LEAD: Concerned by the increasing evidence of poverty and despair in New York City, many employers and employees are forgoing greeting cards, holiday gifts and office parties this year and contributing to The New York Times Neediest Cases Fund.
Concerned by the increasing evidence of poverty and despair in New York City, many employers and employees are forgoing greeting cards, holiday gifts and office parties this year and contributing to The New York Times Neediest Cases Fund.
For example, the Long Island Passenger Sales Office of Trans World Airlines at Kennedy International Airport has suspended its annual Christmas party, during which everyone used to share special recipes of food and drink.
This year, instead, they decided to start a new tradition: to bring a little joy into the lives of those less fortunate, said the manager, Renate H. Hall. She sent the office’s gift of $100 with the request that it benefit ”a child or children so that they may learn of the joy of Christmas and the hope for a better future.”
Kohn Pederson Fox Associates P.C., a Manhattan architectural firm, decided this year to reduce the scale of the annual Christmas party and use the funds for those in need. A donation of $10,000 was made to the Neediest Cases Fund on behalf of the company’s owners and employees. In Place of Greeting Cards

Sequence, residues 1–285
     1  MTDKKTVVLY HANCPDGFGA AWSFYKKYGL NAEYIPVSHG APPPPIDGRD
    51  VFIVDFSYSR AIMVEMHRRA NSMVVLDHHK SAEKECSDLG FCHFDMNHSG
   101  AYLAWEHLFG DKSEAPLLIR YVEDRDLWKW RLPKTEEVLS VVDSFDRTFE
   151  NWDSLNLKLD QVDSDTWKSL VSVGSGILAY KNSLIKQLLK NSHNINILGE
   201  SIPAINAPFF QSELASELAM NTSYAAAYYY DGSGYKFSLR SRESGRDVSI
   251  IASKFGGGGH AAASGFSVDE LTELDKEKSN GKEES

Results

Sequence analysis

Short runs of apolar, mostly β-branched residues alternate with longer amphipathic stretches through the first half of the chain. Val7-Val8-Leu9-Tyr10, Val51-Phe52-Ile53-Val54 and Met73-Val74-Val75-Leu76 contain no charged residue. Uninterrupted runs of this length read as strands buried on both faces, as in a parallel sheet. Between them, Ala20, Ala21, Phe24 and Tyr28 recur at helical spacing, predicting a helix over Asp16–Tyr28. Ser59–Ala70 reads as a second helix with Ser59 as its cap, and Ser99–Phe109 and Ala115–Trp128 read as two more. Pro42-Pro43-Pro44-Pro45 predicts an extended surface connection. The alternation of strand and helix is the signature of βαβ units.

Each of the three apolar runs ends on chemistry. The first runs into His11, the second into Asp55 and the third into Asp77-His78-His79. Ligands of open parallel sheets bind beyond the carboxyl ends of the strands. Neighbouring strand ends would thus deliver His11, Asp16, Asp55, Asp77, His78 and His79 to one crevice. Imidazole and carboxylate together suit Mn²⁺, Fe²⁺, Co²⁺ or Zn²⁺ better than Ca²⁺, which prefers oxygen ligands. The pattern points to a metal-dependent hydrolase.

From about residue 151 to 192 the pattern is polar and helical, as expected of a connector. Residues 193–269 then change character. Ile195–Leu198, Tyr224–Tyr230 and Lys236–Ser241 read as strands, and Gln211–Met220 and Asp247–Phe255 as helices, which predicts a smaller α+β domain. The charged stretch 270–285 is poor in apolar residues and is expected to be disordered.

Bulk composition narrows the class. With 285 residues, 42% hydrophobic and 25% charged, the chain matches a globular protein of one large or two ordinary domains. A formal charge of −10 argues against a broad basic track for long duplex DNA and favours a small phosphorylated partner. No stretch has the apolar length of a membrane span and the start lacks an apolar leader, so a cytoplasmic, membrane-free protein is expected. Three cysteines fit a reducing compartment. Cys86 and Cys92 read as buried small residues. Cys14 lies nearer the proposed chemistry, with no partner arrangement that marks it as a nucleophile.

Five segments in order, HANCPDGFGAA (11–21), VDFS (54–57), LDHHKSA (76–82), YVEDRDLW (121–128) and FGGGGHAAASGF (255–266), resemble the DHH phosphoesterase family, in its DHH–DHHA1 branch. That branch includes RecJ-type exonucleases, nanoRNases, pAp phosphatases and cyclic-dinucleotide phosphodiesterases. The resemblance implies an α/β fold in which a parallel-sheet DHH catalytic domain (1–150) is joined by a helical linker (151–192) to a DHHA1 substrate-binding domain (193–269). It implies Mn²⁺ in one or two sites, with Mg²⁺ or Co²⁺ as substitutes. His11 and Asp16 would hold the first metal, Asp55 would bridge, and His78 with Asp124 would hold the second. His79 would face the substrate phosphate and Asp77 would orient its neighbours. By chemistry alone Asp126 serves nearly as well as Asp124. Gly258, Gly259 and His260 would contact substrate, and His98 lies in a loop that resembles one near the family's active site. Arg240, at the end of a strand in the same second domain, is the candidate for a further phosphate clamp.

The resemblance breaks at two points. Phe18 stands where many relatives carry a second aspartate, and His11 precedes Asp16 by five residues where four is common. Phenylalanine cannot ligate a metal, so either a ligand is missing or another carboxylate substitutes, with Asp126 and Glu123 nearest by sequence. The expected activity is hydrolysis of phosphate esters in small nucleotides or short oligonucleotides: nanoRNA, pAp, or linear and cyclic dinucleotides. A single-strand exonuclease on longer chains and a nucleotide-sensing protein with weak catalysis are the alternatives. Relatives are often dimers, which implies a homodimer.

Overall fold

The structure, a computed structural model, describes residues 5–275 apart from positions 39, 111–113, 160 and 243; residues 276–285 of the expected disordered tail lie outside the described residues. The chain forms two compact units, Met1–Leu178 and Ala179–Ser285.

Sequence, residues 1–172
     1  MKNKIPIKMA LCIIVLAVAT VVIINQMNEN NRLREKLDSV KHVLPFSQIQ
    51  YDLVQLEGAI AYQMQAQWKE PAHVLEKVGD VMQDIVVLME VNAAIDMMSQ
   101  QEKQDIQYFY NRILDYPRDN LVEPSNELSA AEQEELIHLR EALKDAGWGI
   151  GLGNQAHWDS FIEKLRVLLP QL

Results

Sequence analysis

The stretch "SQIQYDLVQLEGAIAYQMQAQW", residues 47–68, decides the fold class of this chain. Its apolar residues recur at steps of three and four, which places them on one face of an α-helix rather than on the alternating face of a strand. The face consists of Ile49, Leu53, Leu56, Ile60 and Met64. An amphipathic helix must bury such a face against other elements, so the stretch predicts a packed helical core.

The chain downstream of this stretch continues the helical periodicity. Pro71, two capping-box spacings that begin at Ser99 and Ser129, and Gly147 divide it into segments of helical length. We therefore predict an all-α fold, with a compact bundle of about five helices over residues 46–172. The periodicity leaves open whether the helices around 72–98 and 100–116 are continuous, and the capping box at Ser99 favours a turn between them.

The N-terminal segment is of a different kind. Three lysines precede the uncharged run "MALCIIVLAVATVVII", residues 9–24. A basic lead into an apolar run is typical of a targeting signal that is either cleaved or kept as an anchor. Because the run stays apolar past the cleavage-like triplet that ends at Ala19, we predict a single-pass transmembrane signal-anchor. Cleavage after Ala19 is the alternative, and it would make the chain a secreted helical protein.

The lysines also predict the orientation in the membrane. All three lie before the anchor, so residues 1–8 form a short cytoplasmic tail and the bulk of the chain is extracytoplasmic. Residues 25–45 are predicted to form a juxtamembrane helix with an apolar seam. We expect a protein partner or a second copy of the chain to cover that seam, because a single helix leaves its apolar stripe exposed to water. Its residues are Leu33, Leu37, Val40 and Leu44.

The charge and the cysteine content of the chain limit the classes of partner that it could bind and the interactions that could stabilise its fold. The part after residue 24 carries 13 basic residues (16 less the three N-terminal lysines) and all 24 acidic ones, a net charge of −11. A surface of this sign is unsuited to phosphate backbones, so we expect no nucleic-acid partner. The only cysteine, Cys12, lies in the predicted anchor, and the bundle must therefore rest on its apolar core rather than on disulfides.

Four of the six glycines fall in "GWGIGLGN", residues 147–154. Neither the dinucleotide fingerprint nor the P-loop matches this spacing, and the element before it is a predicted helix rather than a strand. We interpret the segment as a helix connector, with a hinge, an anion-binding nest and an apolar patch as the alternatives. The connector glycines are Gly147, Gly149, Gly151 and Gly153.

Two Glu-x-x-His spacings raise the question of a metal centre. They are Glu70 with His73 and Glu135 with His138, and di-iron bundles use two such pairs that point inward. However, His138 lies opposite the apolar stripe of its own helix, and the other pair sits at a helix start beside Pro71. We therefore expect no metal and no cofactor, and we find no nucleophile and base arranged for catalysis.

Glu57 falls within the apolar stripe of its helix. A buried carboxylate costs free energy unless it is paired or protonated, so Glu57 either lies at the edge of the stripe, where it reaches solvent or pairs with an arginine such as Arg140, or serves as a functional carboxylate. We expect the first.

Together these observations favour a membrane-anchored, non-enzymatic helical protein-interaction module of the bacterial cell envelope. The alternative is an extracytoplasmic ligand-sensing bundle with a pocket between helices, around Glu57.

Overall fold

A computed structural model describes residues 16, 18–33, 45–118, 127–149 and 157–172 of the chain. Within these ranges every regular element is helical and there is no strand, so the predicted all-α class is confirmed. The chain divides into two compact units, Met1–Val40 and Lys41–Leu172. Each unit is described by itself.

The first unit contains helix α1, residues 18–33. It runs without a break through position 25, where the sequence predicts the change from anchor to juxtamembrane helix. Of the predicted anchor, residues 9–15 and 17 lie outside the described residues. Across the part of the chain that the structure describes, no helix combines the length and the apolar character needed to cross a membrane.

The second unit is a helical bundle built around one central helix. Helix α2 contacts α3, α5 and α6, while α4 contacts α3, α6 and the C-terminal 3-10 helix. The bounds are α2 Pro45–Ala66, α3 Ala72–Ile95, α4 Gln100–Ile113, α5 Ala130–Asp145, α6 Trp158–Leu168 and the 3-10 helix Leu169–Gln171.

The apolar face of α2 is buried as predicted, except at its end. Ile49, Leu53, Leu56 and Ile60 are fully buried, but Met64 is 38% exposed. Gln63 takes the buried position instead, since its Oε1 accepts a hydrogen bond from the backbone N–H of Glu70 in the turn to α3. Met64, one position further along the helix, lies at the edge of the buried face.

On behalf of the employees of the Sequa Corporation of Manhattan, its chairman, Norman E. Alexander, sent $4,000. He wrote that this was done in place of traditional employee greeting cards with the hope that it ”will brighten the lives of our fellow New Yorkers who are in special need at this holiday season.”
Jerry Fields Associates sent $300 to the Neediest Cases instead of spending the money for an annual office Christmas party. Mr. Fields, president of the Manhattan marketing and communications company, wrote that the members of the staff ”experienced a greater high” from giving to the fund than from their champagne parties of the past.
The staff of Executive Registry Inc. of Maywood, N.J., decided to donate $100 instead of decorating the office with a Christmas tree.
It is now a tradition at Brumbaugh, Graves, Donohue & Raymond, a Manhattan law firm, to send contributions to the fund rather than exchange Christmas greeting cards. The staff sent six checks totaling $406. Starting a Trend
Also, in lieu of exchanging Christmas cards, members of the law firm of Gibney, Anthony & Flaherty contributed to various charities. They sent $100 to the Neediest Cases Fund.
Five employees of Allied Fibers, a Manhattan apparel merchandising concern, sent checks amounting to $90 instead of sending one another Christmas cards.
Instead of exchanging holiday cards with co-workers, nine members of the Quality Assurance Center at A.T.& T. Bell Laboratories in Holmdel, N.J., sent a total contribution of $190. Recorded yesterday … $ 65,711.31 Previously recorded … 1,989,689.98 Total … $2,055,401.29